In Johnson v. State, supra, this Court in holding similar testimony admissible, said:"With reference to the testimony of the witness Canfield, the record shows that the officer was permitted to testify that he had received a radio report of the robbery and description of a certain automobile, but he did not relate the contents of the report."
Appellant did object to the prosecutor's argument relating to Officer Atherton's testimony, but the same appears to be a reasonable deduction from the evidence and presents no error. Further, this ground of error as to jury argument was not raised in the trial court, and is not such an error that this Court would be required to review under Article 40.09, Section 13, V.A.C.C.P.
We are further asked to reverse this conviction for the failure of the trial judge to order the court reporter to take the complete voir dire examination of the jury panel in accordance with the provisions of Article 40.09, Sec. 4, V.A.C.C.P. This is by far the most serious contention made by the appellant.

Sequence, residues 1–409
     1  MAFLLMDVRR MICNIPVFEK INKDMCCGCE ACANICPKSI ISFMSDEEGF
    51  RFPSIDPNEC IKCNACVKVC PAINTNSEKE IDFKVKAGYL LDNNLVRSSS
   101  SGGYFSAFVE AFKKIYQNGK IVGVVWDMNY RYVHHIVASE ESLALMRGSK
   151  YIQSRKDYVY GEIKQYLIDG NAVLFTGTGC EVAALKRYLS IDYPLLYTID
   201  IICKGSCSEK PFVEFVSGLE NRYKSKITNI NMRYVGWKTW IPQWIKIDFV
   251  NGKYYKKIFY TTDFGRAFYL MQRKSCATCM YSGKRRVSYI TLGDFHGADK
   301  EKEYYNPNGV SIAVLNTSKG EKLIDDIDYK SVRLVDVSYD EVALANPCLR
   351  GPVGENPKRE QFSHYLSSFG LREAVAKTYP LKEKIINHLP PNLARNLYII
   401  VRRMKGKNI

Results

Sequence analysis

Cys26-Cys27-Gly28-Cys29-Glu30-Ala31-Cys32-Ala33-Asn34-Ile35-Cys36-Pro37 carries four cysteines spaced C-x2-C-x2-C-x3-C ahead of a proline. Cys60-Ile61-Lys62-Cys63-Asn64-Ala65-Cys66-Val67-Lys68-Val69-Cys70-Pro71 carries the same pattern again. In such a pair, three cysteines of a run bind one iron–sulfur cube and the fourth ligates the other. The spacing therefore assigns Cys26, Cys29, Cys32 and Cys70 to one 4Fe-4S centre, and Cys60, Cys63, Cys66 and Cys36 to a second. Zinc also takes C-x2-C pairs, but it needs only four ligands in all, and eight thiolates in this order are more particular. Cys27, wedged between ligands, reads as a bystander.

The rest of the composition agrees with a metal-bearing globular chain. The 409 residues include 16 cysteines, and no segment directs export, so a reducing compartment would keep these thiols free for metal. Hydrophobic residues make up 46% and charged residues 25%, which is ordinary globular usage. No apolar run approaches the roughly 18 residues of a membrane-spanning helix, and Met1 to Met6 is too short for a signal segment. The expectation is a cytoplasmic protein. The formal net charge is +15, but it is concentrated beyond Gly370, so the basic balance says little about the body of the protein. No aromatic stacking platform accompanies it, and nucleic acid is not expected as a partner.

Section 4 of Article 40.09, V.A.C.C.P., reads as follows:"At the request of either party the court reporter shall take shorthand notes of all trial proceedings, including voir dire examination, objections to the court's charge, and final arguments. He is not entitled to any fee in addition to his salary for taking these notes. A transcription of the reporter's notes when certified to by him and included in the record shall establish the occurrence and existence of all testimony, argument, motions, pleas, objections, exceptions, court actions, refusals of the court to act and other events thereby shown and no further proof of *734 the occurrence or existence of same shall be necessary on appeal; provided, however, that the court shall have power, after hearing, to enter and make part of the record any finding or adjudication which the court may deem essential to make any such transcription speak the truth in any particular in which the court finds it does not speak the truth and any such finding or adjudication having support in the evidence shall be final."
Prior to the voir dire examination of the jury panel the appellant timely filed a written motion requesting the Court to have the court reporter take the voir dire examination of the jury panel and the argument of counsel in accordance with the provisions of the statute quoted above.
Acting upon such motion, the trial court entered the following order:"The Court overrules the motion to the extent that the Ct. will not require the reporter to take the complete voir dire. Only those matters where objections may be made and the defendant desires to perfect a bill. The defendant may renew this motion at any time. "The Court grants the motion for the court reporter to take jury arguments of both sides."